- Increased productivity through greater agency-wide collaboration and process efficiency, enabling fewer resources to accomplish more, faster.
How DJJ Got It Right:
DJJ took the decisive position that waiting to go digital would be far more costly than an early investment in it. The agency’s success going digital can be traced to the initiative’s roots. The internal DJJ team began the effort not as a standalone project, but a holistic approach focused on agency-wide goals of cost-cutting, greater efficiency, and better service delivery.
A key, early decision in a successful digital transformation is whether to manage it entirely with internal resources or bring on the expertise of a partner. DJJ determined it needed a trusted partner with proven experience and chose Image API.
Together, they mapped out a phased plan that allowed for small, rapid tests and high adoption. The approach demonstrated value quickly and built an early business case for a long-term digital vision.
2. Hawaii’s Well-Planned Digital Initiative: Delivering Massive Cost Savings and Essential Support for Work-from-Home
In 2015, at the highest levels of Hawaii’s government, there was overwhelming consensus: The state’s agencies were using too much paper. With a forward-thinking, digital-first mindset, Governor David Ige began advocating to save millions of dollars in taxpayer money by digitizing.
The Hawaii Modernization Initiative began in 2016. In 2018, the state rolled out a six-month paper-reduction program, led by the Office of Enterprise Technology Services (ETS). Nine state departments took part in the pilot, which encouraged adoption of new technology and transitioning from paper to electronic documents to reduce printing, filing, scanning, and other manual tasks.
This year, in the latest stage of upgrades to its enterprise resource planning (ERP) system, Hawaii replaced its legacy time-and-leave system for an initial rollout of 800 employees. It previously upgraded several other human resources and payroll systems. After the remaining agencies are moved onto the new system, the state will make upgrades to its financial management system in a pilot before rolling out state-wide.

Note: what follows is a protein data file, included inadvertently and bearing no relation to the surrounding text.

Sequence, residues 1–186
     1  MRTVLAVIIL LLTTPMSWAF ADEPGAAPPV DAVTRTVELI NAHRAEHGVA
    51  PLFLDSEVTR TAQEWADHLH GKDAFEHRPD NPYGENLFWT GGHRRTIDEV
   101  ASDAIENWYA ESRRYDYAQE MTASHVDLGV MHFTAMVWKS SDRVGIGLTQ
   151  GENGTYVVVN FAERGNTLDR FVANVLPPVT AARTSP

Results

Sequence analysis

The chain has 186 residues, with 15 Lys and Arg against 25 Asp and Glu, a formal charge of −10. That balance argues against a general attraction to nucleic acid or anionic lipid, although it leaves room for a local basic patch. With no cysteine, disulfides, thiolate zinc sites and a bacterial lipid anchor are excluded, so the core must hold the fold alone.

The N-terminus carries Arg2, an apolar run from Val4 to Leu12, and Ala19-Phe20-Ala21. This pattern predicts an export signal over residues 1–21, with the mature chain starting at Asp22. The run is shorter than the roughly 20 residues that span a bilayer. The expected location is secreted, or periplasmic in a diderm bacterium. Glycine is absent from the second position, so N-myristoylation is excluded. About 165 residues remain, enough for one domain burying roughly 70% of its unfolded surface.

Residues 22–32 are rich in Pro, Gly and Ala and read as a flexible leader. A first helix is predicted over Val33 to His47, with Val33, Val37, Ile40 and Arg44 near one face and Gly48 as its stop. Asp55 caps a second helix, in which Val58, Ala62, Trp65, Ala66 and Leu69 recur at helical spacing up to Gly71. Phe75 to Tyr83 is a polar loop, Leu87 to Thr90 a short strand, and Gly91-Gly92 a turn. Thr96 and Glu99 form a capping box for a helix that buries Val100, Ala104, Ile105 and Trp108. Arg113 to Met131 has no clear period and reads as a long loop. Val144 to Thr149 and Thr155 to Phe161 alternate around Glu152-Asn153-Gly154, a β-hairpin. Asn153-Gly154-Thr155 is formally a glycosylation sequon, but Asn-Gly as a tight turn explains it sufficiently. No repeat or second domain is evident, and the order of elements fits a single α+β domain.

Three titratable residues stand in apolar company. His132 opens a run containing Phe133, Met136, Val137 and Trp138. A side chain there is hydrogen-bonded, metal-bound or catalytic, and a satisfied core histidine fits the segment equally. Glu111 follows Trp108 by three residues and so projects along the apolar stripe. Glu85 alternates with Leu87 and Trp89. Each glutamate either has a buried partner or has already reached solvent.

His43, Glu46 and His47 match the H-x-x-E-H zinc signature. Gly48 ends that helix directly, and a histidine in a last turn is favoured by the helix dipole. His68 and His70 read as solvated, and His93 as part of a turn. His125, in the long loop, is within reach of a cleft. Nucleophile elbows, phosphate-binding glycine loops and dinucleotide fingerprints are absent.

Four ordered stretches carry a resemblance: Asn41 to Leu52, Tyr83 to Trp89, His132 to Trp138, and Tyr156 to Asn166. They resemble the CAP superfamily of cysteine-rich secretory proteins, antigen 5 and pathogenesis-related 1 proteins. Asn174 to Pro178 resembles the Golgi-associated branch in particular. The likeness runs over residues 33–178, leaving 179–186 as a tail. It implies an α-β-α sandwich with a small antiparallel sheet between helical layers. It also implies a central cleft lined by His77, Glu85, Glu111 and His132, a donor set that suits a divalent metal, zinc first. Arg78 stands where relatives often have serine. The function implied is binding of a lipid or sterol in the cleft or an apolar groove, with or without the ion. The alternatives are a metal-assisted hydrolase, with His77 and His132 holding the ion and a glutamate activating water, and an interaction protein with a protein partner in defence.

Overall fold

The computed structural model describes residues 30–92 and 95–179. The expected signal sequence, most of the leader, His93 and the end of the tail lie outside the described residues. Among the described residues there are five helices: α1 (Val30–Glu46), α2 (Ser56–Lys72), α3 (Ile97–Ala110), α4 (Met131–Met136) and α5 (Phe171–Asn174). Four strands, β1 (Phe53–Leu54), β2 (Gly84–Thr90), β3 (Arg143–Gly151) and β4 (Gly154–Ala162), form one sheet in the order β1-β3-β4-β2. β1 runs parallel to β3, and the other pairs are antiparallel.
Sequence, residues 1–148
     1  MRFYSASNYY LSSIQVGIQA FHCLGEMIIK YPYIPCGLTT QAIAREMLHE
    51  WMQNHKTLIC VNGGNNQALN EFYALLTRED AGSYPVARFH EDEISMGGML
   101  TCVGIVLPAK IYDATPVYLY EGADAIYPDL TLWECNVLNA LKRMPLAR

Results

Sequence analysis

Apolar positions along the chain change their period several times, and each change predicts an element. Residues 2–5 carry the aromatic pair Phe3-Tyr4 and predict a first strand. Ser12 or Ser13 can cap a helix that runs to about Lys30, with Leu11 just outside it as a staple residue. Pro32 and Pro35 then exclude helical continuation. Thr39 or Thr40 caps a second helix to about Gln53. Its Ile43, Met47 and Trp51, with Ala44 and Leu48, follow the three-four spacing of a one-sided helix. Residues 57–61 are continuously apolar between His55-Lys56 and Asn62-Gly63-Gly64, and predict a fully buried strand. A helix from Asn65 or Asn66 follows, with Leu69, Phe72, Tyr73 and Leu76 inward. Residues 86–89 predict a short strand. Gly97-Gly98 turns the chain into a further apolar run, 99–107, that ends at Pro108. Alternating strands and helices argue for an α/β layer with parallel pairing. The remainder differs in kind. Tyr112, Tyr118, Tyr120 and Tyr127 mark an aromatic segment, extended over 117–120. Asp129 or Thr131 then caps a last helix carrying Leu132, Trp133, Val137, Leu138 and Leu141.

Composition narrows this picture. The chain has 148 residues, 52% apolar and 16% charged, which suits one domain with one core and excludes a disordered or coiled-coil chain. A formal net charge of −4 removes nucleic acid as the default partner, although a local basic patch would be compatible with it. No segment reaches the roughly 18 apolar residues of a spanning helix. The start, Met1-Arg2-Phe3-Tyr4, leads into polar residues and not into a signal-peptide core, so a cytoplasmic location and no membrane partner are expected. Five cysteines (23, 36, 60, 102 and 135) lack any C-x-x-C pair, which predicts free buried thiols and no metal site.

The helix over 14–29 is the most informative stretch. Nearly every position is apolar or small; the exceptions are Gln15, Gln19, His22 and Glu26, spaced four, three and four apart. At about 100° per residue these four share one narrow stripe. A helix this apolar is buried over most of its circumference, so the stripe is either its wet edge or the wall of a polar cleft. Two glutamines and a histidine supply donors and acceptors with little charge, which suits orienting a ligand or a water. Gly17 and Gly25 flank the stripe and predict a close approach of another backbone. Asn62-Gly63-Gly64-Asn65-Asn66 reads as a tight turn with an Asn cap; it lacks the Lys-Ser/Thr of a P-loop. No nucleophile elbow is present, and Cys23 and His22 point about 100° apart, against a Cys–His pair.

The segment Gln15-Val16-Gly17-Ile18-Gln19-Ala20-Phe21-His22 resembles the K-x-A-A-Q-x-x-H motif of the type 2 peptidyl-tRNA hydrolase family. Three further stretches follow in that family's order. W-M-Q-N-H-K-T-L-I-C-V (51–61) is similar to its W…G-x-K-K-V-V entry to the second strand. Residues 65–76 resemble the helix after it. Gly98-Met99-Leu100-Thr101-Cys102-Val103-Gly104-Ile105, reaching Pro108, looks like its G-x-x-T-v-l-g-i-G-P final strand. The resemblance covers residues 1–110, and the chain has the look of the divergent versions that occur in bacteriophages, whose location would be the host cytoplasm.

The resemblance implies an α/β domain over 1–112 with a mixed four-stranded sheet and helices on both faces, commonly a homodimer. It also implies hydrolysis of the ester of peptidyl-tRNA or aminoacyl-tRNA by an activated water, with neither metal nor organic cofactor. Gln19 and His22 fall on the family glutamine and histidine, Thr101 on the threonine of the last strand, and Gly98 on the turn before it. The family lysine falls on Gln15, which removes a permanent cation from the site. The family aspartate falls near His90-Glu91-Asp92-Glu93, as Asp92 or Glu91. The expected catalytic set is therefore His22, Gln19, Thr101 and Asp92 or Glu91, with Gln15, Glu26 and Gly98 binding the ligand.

While no one could have predicted the pandemic and its effects, Hawaii Chief Information Officer Douglas Murdock said its legacy paper-based processes would have severely hindered productivity of employees working from home during the pandemic. The move to Microsoft Office 365 and Adobe Sign, an e-signature service, also helped support work-from-home employees and accelerated adoption.
How Hawaii Got It Right:
Hawaii bet early on the benefits of digitization. Within six months of the digitization initiative it began in 2015, the state eliminated one million sheets of printer paper from its operations, reducing paper usage by 20%. Digitization proved to be an extra, unanticipated boon this year when employees transitioned to work from home during lockdown.
“The timing has been good because we do have a lot of people working from home and that’s going to be part of the future of government operations, and having systems where people can go online instead of having to fill out what are, in some cases, carbon paper forms will be a lot better,” Murdock says. In addition to timing, an organizational-wide culture shift to digitization also contributed to the program’s success.